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Sunday, 19 August 2007

My First Meal Back in Canada

Okay, so we've landed at the Vancouver International Airport (YVR) from Seoul via Air Canada and we couldn't be happier to be back in BC! Upon stepping out of the plane, we were ecstatic to breathe in mouthfuls of fresh air and see blue sky! You never realize how great it is to be home until you've lived abroad.

We cleared Canada Customs without a hitch, waited a while for our overweight bags to hit the conveyor belts, connected our bags to our flight back to Victoria, then proceeded to find my sister who was going to meet us for lunch. Our flight back to Vancouver Island would be another four hours away--what could we do to kill time? You guessed it, EAT!

Here's a tip for those getting picked up from YVR--head to the upper level where the departures are to get picked up if you don't have any big bags (ours were checked), it's a bit easier and there's less traffic. We waited by the Fairmont Hotel:

It sure was weird seeing my sister after one year! Anyways, we were quickly whisked away into the heart of Richmond to get some lunch. Our place of choice today? Tsim Chai Noodles, located across the street from the Richmond Public Market:

We had been craving Chinese food for the longest time (I had my mini-fix in Hong Kong) so I had already "pre-ordered" what I wanted to eat months before I left Seoul! How about that? Here we have some beef in black bean sauce on broad rice noodles...and some gai lan in the background:

I was longing for these crispy garlic and chili pepper seasoned chicken wings...

...to go along with our iced "yeen yeun" (iced coffee/tea) and iced lemon tea (HK style!):

We also had some of my sister's wonton noodles to finish off our lunch. Man, food never tasted so good! It was really weird being able to understand what everyone was saying around me...you never realize how nice (or annoying) it is to hear English (or Cantonese)! So after gouging on all this Chinese food, we went back to my sister's place where she offered us some of the following:



Wow, we were so surprised to see these berries because we had gone cold turkey for one year (except for making my tofu smoothies)! It was very nice to eat fruit that I've missed. Who would've thought cherries and blueberries would taste so good?

So there you have it, this is part of my ongoing series of posts about life back in Canada, post Korea. Currently we are living a "retired" life in Richmond, enjoying the finest food that is available in BC. Stay tuned for more updates! If there is anything you want to suggest that I write about, please feel free to post a comment and I'll try my best to accommodate your request.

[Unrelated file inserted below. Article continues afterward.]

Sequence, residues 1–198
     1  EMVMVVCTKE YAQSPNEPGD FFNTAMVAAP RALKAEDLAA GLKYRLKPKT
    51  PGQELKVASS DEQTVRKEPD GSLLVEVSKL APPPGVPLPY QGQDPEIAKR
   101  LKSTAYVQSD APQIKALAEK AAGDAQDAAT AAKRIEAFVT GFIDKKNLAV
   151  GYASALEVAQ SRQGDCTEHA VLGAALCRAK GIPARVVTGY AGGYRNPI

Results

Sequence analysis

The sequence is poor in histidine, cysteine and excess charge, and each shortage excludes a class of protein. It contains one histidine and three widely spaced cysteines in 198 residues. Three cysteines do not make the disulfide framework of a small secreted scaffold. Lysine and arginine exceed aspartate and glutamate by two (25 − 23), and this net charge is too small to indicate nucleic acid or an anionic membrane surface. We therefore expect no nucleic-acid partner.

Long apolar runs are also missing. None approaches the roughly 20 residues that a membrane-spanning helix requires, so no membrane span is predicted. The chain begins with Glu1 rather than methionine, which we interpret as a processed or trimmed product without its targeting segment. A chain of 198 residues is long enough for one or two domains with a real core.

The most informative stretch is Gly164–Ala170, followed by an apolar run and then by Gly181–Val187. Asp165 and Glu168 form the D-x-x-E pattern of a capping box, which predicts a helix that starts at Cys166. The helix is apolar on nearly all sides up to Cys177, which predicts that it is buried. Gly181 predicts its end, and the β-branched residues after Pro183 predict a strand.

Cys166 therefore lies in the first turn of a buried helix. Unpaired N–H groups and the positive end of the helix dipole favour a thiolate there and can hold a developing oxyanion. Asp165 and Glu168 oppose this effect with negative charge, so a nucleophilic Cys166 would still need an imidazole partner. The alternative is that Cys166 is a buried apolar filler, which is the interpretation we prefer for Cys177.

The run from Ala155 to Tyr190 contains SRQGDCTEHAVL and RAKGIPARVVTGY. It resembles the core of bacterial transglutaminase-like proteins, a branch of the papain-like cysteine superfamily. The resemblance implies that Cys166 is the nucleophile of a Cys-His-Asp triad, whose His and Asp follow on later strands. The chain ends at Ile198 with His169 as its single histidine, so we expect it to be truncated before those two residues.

However, being retired has me spending time outside and away from the computer, actually doing things and interacting with humans. Therefore my posting rate might dip down a bit, but of course you can count on me to keep writing about Korea and other miscellaneous items I stuff down my throat (E.G. a $7 frozen durian, as opposed to $17 in Seoul). ;)


Anonymous said...

Those cherries look great. And I like the kimchi in a bag from your flight.

Orchid said...


I am surprised to read that upon reaching home, you head for Chinese food first. I thought you would be missing a nice juicy steak or mashed potatoes. Some kind of Western meal. :-)

You like durians? In Msia you get them aplenty during durian season. No frozen ones...but freshly opened durians! You can go to the durian plantation / farms and pick which fruit you want. They open it in front of you, and you can eat till your hearts content. They are even shops by the roadside when you travel up or down peninsula Malaysia. You just stop your car, and squat by the roadside and eat the rich, thick, sweet, fragrant (some say smelly) durians. It's the King of the fruits here in Msia! We love our durians. =)

Orchid said...

Oh durians are cheap here when in season. They have such things as durian buffet - where you pay RM10 (USD3) and eat all you want!

$17 for frozen durian in Seoul? Gosh so expensive.

Anonymous said...

How were they in comparison to the restaurant food in Korea?

Gary said...

Orchid: Being Chinese, I never thought I would crave Chinese food, but I did! I also love steak and potatoes though ;)

Yep, I think I have an addiction to durians. We can buy frozen ones here for $0.77/pound, or $6/pound for fresh ones. I really enjoy opening them, it's like panning for gold. I am jealous that you guys get fresh durians in Msia! How much does it cost in US dollars for one?

Anonymous: I would say I enjoy Chinese food more than Korean--it's much tastier, but that's probably because of the MSG and such. Both flavors are very unique but I love Chinese food more!

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